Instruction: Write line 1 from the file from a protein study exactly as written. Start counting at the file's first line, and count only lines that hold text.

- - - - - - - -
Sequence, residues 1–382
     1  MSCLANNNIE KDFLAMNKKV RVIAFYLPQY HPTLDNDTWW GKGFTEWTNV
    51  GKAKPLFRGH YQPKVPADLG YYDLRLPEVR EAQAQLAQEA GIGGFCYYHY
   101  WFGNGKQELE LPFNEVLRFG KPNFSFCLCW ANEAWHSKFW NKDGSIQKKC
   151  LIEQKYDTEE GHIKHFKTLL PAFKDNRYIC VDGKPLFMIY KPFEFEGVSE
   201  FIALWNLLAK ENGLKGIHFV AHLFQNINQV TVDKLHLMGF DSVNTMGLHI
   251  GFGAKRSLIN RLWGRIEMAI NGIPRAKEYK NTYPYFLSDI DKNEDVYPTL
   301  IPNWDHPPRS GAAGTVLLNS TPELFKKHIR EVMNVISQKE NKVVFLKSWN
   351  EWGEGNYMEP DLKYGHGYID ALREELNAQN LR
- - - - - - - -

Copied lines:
Sequence, residues 1–382